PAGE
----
smell chruiting sword, being first A man of compliments; whom .used in Ita j. The bay is the ri ht and wrong

word hai, y u have it, used when Have chose as umiire ;

a thrust reaches the antagonist, Says our aurhour of Don Arma- .fr in which our fe::cers, on the do, the Spaniard, in Lori's la- same occasion, without knowing, bour loft.

Ifidpofu, any reason for it, cry 's A gentleman of the query for out, ha! horf, of the firft ond / c.n. caufe ;] Vol. VIII.

E

Mer.

funcilio.

Mer. The pox of such antick, lifping, affected phantasies, these new tuners of accents :-“ A very good blade!

-a very tall man !-a very good " whore !” -7 Why, is not this a lamentable thing, grandfire, that we should be thus afflicted with these strange flies, these fashion-mongers, & these pardonnezmoy's, who stand so much on the new form that they cannot fit at ease on the old bench? : 0, their bon's, their bon's !

Enter Romeo
Ben. Here comes' Romeo, here comes Romeo.

Mer. Without his roe, like a dried herring. O fesh, fesh, how art thou filhified ? Now is he for the numbers that Petrarch Aowed in : Laura to his Lady was but a kitchen-wench; marry, she had a better love to berhyme her ; Dido a dowdy, Cleopatra a gipfy, Helen and Hero hildings and harlots: Thisbé à grey eye or so, but not to the purpose. Signior Romeo, bonjour ; there's a French falutation to your French Slop. You gave us the contrefait fairly last night.

Rom. Good-morrow to you both: What counterfeit did I give you ?

Mer. The nip, Sir, the flip: can you not conceive?

Rom. Pardon, good Mercutio, my business was great; and, in such a case as mine, a man may strain courtefy.

7 Why, is not this a lamentable 90, their bones! their bones ! ] thing, grandhire!) Humouroully Mercurio is here ridiculing those apostrophiling hisanceitors, whose frenchified fantaftical coxcombs fober times were unacquainted whom he calls pardonnez-moy's : with the fopperies here com- and therefore, I fufpect here he plained of.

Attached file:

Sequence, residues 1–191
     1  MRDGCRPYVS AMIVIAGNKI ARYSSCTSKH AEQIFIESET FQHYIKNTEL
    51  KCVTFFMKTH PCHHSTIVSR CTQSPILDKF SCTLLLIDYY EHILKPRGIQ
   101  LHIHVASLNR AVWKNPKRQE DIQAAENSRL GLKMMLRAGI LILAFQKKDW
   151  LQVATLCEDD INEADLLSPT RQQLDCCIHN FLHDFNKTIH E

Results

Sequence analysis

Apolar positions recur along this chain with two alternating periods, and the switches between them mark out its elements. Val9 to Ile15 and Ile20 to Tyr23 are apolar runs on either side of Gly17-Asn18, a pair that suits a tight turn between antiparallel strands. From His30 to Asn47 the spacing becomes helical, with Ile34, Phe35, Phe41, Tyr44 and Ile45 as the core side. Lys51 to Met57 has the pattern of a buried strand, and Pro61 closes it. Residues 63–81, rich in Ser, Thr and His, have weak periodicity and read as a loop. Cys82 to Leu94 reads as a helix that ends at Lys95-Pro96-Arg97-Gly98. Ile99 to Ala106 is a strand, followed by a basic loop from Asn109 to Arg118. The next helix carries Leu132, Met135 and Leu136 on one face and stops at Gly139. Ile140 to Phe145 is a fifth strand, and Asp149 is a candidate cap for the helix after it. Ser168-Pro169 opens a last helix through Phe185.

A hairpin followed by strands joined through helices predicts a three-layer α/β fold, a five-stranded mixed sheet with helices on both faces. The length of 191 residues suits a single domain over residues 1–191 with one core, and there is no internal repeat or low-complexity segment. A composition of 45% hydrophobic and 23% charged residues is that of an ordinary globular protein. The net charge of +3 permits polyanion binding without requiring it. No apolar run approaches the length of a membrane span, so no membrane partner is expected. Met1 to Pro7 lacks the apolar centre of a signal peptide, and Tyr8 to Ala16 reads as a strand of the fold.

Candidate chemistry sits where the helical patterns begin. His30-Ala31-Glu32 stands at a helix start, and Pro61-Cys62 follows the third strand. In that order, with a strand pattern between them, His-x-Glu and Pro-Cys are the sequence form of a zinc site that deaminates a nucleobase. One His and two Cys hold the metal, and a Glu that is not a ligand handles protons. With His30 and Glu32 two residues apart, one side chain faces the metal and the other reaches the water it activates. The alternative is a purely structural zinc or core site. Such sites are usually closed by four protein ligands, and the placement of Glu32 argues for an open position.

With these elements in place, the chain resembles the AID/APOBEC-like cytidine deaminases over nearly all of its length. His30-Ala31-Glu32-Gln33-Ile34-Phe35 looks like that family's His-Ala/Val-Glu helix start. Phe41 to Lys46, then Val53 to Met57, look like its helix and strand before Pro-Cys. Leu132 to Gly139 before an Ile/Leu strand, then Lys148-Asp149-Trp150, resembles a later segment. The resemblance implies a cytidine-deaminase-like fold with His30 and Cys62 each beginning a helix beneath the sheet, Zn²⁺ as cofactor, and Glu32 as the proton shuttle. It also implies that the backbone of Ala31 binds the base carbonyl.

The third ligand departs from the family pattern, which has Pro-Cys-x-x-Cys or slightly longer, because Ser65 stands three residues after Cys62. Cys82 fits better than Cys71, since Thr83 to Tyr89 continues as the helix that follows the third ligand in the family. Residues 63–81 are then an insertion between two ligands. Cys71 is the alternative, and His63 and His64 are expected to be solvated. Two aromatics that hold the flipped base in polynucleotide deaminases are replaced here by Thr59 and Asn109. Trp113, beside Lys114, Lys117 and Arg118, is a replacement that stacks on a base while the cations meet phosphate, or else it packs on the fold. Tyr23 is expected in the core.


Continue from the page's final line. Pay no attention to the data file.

WARBURTON. meant to write French too. 8. These pardonnez-mois,] Par O, their bon's! their bon's! donnez-moi became the language i. e. How ridiculous they make of doube or heftation among themselves in crying out good. men of the sword, when the and being in extasies with every point of honour was grown so trifle ; as he has just described del cate, that no other mode of them before. contradiction would be endured.

a very good bla.de ! &c. Theol.

Mer.

' Mer. That's as much as to say, such a case as yours constrains a man to bow in the hams.

Rom. Meaning, tô curt'ly.
Mer. Thoü haft most kindly hit it.
Rom. A most courteous expofition.
Mer. Nay, I am the very pink of courtesy.
Rom. Pink for flower.-
Mer. Right
Rom. Why, ' then is my pump well lower'd.

Mer. Sure wit-follow me this jest, now, till thou haft worn out thy pump, that when the single sole of it is worn, the jest may remain, after the wearings folely fingular.

Rom. o single-fold jest,
Solely singular, for the singleness !

Mer. Come between us,good Benvolio, my wit faints.

Rom. Switch and spurs,
Switch and spurs, or-I'll cry a match.

Mer. Nay, if our wits run the wild-goose chase, I am done: for thou hast more of the wild-goose in one of thy wits, than, I am sure, I have in my whole five. Was I with you there for the goose?

Rom. Thou wast never with me for any thing, when thou wast not there for the goose.

Mer. I will bite thee by the ear for that jest.
Rom. Nay, good goose, bite not.

Mer. Thy wit is a very bitter sweeting,
It is a most sharp sauce.

Rom. And is it not well serv'd in to a sweet goose ?

Mer. O, here's 'a wit of cheverel, that stretches from an inch narrow to an ell broad.

Rom. I stretch it out for that word broad, which added to the goose, proves thee far and wide a broad goofe.

I then is mypump will flowered.] pinked pumps, that is, pumps Here is a vein of wit too thin to punched with holes in figures. be easily found. The funda.

2 a uit of cheverel,] Cheverel mental idea is, that Romeo wore is soft lcather for gloves.

Mer.